Economy, crime force vendors away from flea marketare
7th Avenue Flea Market oldest in Florida
It is the oldest flea market in the state of Florida, and bit by bit, crime and the economy are tearing it apart.
"The last half of the year vendors are moving out. Vendors are not paying the rent," said the flea market's owner, Gyule Kis.
Norma, who wanted to keep her last name anonymous, says she was working when armed gunmen walked into the 7th Avenue Flea Market on Christmas Eve and started shooting.
"The guys they came in they were like very brutal," she said.
The hairstylist ran when they started shooting, and helped picked up the pieces when it was all over.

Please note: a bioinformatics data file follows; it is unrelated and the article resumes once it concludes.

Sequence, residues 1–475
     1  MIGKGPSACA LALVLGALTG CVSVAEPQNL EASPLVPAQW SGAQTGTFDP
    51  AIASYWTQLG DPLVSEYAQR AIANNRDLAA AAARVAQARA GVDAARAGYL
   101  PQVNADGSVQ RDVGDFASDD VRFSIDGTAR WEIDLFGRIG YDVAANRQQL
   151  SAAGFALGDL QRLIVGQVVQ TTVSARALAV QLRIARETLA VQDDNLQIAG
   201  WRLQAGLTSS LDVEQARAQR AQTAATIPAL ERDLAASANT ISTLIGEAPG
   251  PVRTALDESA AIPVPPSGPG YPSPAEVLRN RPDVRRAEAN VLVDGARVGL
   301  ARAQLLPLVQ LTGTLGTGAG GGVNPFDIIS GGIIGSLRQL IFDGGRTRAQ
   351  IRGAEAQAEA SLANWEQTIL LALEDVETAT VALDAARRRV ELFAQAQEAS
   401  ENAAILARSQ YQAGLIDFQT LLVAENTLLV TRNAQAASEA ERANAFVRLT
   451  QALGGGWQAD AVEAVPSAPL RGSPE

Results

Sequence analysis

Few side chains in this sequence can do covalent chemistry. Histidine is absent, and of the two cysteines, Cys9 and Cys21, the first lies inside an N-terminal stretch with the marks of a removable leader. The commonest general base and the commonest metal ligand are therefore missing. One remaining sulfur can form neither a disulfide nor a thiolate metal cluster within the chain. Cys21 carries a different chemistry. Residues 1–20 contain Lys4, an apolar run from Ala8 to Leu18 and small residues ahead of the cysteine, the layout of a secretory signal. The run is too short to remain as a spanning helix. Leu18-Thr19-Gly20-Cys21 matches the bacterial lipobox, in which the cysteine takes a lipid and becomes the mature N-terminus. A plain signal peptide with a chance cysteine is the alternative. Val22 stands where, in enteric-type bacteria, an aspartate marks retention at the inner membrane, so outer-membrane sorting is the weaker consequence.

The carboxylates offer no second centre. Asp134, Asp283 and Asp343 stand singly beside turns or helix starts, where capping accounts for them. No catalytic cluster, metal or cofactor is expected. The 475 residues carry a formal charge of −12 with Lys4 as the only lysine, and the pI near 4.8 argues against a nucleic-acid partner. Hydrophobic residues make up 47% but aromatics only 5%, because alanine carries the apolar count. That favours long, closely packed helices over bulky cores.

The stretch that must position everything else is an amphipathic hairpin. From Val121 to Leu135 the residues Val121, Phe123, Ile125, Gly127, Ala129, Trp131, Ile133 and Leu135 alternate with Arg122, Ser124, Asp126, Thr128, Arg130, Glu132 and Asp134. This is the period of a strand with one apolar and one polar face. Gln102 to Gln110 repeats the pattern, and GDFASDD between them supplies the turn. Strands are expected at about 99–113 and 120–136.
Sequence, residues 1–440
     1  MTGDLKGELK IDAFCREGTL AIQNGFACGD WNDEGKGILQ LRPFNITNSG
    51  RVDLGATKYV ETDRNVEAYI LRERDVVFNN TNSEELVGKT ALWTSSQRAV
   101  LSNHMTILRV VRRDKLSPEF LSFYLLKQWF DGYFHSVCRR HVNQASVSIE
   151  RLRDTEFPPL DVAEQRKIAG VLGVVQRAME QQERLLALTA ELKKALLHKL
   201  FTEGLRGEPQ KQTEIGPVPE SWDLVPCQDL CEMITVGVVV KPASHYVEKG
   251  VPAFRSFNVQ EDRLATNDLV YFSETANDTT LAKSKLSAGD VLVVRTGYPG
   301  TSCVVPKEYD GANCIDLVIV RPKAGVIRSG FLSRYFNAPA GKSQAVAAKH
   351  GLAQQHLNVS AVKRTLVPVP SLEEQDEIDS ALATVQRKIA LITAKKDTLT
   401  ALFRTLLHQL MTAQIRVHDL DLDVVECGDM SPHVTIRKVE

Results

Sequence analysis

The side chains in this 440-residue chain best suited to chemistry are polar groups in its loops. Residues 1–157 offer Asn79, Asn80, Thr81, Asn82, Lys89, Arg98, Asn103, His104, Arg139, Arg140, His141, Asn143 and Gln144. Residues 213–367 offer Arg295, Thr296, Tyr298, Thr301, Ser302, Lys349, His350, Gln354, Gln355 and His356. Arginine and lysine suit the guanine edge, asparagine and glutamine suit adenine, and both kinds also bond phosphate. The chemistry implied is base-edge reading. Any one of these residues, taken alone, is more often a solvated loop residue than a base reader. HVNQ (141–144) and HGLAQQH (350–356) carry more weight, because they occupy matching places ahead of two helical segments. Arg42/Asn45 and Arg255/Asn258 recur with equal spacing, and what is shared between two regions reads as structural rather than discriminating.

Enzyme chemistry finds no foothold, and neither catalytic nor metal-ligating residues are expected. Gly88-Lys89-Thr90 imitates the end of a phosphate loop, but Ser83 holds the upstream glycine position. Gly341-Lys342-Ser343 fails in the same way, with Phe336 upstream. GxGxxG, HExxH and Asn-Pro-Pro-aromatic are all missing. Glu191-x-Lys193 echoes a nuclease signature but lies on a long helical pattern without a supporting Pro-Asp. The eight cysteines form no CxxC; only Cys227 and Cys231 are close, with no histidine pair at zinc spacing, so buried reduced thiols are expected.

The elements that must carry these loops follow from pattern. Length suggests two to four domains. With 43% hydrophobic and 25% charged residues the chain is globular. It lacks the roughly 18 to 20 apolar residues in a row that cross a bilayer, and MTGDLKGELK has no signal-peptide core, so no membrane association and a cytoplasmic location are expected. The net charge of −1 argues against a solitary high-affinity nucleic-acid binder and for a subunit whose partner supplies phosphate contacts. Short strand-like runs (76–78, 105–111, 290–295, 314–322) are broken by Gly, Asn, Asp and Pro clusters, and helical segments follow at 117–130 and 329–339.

But when Local 10's Sasha Andrade tried to talk to her about the robbery, she had something else on her mind.
"The only thing I'm worried about is just the people coming back," Norma said.
Times are so hard, Kis also works as the flea market's security guard and maintenance man.
Ken Knight is the president of the merchant's association. He says there are more than 50 small businesses in here that need help.
"These are people with families. They have children," Knight said.
He feels the government needs to step in and provide funding for things like advertising and, most important of all, security.
"In our talking with the mayor he knows about the issues of security. He knows about the issues of advertisement," Knight said.
But people aren't going to shop in a place where they don't feel safe, and who can feel safe next to bullet holes.
"It really hurts us," Knight said about the recent robbery.
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